Ask some questions about evolution here.
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06-10-2015, 10:43 AM
RE: Ask some questions about evolution here.
(06-10-2015 09:55 AM)DLJ Wrote:  
(06-10-2015 08:57 AM)dancefortwo Wrote:  ...
She described it as a 100 gallon vat of blue paint and once a year a small drop of red paint was dropped into the vat. Over many years of one drop of red paint at a time the blue vat of paint would become purple and then over many more years eventually red but there would still be vestiges of blue pigments. I liked that analogy though it doesn't explain how the drop of paint is put into the vat.
...

Explanation: Sex.

(06-10-2015 08:57 AM)dancefortwo Wrote:  ...
In high school biology class the teacher DID teach evolution but I was in the back of the class sitting next to the captain of the football team. Drooling I was vaguely aware of being in a classroom and even less of what was being taught especially when he started paying attention to me and passing me notes. To hell with evolution, this is much more important! Laugh out load

Explanation: Sex.

It's always about sex.

... except sex... which is about power.
(nod to Oscar)

Quote: (nod to Oscar)

Oscar??....Which Oscar. Oscar Wilde or Oscar the Grouch?


Idea


Oscar Mayer.

Opps, Dodgy derailed thread.

Shakespeare's Comedy of Errors.... on Donald J. Trump:

He is deformed, crooked, old, and sere,
Ill-fac’d, worse bodied, shapeless every where;
Vicious, ungentle, foolish, blunt, unkind,
Stigmatical in making, worse in mind.
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06-10-2015, 12:06 PM
RE: Ask some questions about evolution here.
When/why did bipedality evolve?

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06-10-2015, 12:14 PM
RE: Ask some questions about evolution here.
(06-10-2015 12:06 PM)Atothetheist Wrote:  When/why did bipedality evolve?

Because of the easiness to spot prey/predators while on the ground.

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06-10-2015, 12:15 PM
RE: Ask some questions about evolution here.
(06-10-2015 12:06 PM)Atothetheist Wrote:  When/why did bipedality evolve?

Somewhere in the Australopithicine (>2 million years ago) lineage associated (most likely) with climatic change driving floral change in Africa. With a transition from forest dominated ecosystems to grasslands, spacing between trees increased and resulted in our ancestors transitioning to a more ground-based lifestyle (coinciding with the reduction in other climbing features). Bipedality allowed our ancestors to be able to scout for danger, etc. These animals were an in-between the climbing and the full bipedality.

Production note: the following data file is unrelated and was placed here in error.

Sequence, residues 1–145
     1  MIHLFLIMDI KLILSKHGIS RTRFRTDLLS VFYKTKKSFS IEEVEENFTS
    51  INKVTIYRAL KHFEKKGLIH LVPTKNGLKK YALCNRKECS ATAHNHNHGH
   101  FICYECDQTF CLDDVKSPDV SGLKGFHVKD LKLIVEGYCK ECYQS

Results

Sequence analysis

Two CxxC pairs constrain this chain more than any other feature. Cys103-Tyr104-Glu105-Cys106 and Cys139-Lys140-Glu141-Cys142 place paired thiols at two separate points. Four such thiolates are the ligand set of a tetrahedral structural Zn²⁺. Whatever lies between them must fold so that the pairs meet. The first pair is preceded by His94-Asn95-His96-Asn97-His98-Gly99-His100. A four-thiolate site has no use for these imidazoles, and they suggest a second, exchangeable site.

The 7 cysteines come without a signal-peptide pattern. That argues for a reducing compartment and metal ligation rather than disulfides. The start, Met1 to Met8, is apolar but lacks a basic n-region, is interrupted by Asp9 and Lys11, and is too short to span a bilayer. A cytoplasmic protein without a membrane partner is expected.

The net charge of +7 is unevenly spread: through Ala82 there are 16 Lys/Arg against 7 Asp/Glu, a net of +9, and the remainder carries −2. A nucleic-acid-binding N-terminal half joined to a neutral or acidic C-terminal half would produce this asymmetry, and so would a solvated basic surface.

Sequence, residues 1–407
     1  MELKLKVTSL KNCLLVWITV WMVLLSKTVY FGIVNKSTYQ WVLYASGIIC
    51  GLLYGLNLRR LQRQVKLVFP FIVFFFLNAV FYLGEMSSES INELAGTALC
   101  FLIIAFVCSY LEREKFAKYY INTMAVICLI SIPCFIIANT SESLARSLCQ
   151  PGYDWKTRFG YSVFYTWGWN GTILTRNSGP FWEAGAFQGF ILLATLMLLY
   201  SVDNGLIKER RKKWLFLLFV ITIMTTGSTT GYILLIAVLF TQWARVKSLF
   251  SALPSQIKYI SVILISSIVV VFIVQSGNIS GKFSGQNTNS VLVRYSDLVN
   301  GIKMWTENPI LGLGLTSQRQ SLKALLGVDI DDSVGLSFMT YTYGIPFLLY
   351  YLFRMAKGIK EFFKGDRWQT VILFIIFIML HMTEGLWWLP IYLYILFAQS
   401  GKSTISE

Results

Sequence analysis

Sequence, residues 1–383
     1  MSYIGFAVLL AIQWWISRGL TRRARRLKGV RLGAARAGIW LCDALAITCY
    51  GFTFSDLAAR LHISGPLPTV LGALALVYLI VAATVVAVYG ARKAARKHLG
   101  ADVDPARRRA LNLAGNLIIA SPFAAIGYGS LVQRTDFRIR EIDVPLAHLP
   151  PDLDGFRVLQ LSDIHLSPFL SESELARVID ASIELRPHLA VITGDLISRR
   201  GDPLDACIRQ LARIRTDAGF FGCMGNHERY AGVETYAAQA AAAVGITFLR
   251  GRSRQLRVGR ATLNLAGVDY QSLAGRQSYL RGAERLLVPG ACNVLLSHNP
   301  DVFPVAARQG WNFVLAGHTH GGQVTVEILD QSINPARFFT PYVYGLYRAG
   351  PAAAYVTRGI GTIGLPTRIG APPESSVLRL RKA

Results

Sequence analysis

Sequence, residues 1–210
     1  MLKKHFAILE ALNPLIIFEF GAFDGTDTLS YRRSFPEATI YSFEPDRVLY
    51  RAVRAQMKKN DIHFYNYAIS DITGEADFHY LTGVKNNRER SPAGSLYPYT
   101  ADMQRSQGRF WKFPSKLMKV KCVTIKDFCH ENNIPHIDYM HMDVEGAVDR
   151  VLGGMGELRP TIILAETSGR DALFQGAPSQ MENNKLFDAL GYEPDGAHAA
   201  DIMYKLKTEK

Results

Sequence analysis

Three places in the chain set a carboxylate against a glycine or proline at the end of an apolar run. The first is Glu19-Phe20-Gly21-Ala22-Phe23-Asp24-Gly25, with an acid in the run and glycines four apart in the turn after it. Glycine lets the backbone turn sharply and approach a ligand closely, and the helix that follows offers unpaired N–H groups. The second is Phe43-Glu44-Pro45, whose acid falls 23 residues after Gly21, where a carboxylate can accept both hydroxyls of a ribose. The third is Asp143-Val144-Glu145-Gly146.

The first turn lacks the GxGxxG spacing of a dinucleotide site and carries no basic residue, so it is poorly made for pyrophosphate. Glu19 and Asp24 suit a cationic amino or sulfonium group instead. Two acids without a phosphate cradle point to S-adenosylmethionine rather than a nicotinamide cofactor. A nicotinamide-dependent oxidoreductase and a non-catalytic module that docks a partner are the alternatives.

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06-10-2015, 02:32 PM (This post was last modified: 06-10-2015 02:42 PM by Free Thought.)
RE: Ask some questions about evolution here.
Dear Zeke;

Could you explain the altruistic paradox? And further explain how altruism has become a successful strategy despite it's evolutionarily weird nature.

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06-10-2015, 03:44 PM
RE: Ask some questions about evolution here.
(06-10-2015 02:32 PM)Free Thought Wrote:  Dear Zeke;

Could you explain the altruistic paradox? And further explain how altruism has become a successful strategy despite it's evolutionarily weird nature.

The altruistic paradox is the example, of worst things are done with the best intentions. This is a result of alturism in general, because it is still the animal trying to help its group. and alturism isn't weird, as it helps the survival of social animal.

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06-10-2015, 09:54 PM (This post was last modified: 06-10-2015 09:57 PM by Chas.)
RE: Ask some questions about evolution here.